Smelly Socks: Hitting the slopes to beat the winter blues
Jan. 2, 2014 at midnight
Updated Jan. 1, 2014 at 7:02 p.m.
Similar to all parents, I desire that every Christmas be a special memory for my family and friends.
In trying to achieve this noble feat, I go the extra mile and attempt to attend to every last detail. I select and wrap the presents, prepare the special foods, decorate my tree as well as my parent's tree and implement all of the normal family traditions that everyone loves but no one likes to put in all of the work that they involve.
While perfection is not attainable, I do love to see the excitement on my children's faces as beautifully wrapped presents appear under the tree.
A smile spreads across my face as I see the boys using the last bit of the sparkle gel icing on their annual Christmas cookies.
Listening carefully, I can hear the slight humming of Christmas carols coming from the kitchen - for a change, the boys are working together in harmony on a project.
Excitement about Christmas is contagious, and I want my children to remember our family traditions and the sheer specialness of the day.
My hope is that one day my boys will carry this specialness with them to their own families.
Finally, the magical day we have been waiting and preparing for came and went. My house quickly turned from my version of a winter wonderland into a disaster area complete with torn wrapping paper and bows littering the floors after the presents were unwrapped with haste Christmas morning.
As I looked around my living room, I cringed and knew that sadly Christmas is over. Right then, my Christmas morning excitement waned, and the inevitable letdown began.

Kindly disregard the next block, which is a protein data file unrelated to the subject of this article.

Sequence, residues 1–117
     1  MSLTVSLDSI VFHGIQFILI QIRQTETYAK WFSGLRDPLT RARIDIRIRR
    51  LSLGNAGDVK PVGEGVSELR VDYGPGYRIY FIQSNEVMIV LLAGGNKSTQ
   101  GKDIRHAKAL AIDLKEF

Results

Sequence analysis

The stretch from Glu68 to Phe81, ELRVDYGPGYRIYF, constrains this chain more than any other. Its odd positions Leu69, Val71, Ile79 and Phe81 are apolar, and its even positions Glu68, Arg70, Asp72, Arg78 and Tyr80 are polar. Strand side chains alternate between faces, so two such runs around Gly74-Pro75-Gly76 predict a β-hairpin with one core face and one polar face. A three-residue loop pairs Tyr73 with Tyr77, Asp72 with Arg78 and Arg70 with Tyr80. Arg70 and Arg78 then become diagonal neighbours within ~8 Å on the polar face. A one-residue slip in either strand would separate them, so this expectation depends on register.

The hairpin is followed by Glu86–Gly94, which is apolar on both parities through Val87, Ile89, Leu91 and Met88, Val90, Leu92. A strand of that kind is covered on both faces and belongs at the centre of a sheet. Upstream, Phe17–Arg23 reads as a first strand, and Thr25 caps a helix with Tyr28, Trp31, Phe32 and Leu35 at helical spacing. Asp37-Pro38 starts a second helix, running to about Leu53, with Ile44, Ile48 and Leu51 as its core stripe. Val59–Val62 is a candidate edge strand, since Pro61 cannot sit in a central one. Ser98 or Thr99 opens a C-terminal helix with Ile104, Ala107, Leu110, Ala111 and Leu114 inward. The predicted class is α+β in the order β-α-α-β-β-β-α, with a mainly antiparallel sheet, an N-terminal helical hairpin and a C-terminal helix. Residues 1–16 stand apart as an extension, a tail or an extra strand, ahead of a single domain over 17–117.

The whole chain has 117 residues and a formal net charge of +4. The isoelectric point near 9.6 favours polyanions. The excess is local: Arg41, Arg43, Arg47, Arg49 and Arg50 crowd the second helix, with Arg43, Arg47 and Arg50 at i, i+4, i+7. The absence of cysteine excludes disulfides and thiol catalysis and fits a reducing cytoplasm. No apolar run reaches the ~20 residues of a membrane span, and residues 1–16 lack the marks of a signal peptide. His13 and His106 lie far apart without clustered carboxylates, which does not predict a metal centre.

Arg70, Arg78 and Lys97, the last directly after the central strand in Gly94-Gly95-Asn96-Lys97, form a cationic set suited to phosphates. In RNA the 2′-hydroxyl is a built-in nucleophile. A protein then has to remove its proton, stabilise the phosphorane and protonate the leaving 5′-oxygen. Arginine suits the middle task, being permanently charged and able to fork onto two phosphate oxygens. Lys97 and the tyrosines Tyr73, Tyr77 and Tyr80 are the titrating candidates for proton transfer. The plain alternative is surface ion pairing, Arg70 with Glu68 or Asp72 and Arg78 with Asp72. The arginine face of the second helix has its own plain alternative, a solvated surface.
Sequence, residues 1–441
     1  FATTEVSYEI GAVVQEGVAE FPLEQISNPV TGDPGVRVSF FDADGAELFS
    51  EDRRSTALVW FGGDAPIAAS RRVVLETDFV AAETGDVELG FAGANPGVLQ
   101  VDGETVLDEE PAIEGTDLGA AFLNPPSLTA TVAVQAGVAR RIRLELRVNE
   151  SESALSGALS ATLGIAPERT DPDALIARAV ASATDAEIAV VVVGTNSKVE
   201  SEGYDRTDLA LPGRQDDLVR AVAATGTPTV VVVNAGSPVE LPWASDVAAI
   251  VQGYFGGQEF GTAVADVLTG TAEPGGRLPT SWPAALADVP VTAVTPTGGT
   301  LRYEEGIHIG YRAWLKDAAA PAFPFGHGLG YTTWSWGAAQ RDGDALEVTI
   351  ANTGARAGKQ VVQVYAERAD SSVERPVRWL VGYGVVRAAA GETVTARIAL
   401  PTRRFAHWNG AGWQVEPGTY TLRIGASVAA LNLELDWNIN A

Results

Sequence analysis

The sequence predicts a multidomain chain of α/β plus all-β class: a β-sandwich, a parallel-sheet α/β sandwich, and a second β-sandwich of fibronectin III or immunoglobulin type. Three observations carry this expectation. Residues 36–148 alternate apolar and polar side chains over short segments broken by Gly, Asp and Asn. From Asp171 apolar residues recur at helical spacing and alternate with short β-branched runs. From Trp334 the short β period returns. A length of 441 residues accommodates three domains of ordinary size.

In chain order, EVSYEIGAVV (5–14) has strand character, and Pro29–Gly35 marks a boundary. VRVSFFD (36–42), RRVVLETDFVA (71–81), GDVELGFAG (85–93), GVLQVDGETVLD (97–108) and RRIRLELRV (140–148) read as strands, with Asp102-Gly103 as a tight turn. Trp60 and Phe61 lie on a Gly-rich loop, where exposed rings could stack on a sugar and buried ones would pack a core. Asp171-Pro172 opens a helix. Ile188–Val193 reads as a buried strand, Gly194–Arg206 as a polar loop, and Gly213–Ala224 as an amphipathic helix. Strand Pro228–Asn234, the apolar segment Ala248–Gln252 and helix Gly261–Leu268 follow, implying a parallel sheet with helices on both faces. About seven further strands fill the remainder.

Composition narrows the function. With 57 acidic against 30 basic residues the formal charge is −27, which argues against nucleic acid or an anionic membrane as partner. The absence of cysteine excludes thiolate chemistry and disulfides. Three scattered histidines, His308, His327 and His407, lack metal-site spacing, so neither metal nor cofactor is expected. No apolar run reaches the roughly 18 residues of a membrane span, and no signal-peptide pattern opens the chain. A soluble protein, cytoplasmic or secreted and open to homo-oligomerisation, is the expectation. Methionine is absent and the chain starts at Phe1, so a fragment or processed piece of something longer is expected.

The winter blues have hit, and they tend to hit me hard. All of the hard work, planning and preparation certainly paid off, but now, it was all over for an entire year.
So my husband, John, got a wonderful idea nearly five years ago. In an effort to help me beat my winter blues and to celebrate our late December wedding anniversary, he plans something quite special.
We load up our 13- and 9-year-olds Austin and Jamison, and pack up my four-door Jeep Rubicon outfitted with gnarly tires and lovingly referred to as "The Bloom Bugg" nice and tight. We are on a mission and headed to snow country.
The boys love to see the impressive white stuff that year after year they still marvel at, enjoy building snowmen and can't wait to have our annual snowball battles in. The boys get excited with the body-numbing cold weather and the breathtaking views of mountains and valleys.
Our fearless and careful driver, John, expertly maneuvers the mountain passes and roads all over Colorado. Although anyone who has been in a Jeep or owns one knows that they aren't particularly roomy or comfortable for long distance driving, the boys never seem to complain, as they look forward to this trip all year.
While we head off for our week in snowy paradise, it seems only natural that a couple years ago, a new sport would enter the picture. Before I knew it, and actually before my very eyes, my extremely non-athletic self became hindered with a husband and two boys who all caught the skiing bug.
This year they will once again unwrap ski boots, ski bibs, thermal underwear, ski masks, and ski jackets under the Christmas tree. I am a true believer in giving those practical and necessary presents that are needed and not especially longed for.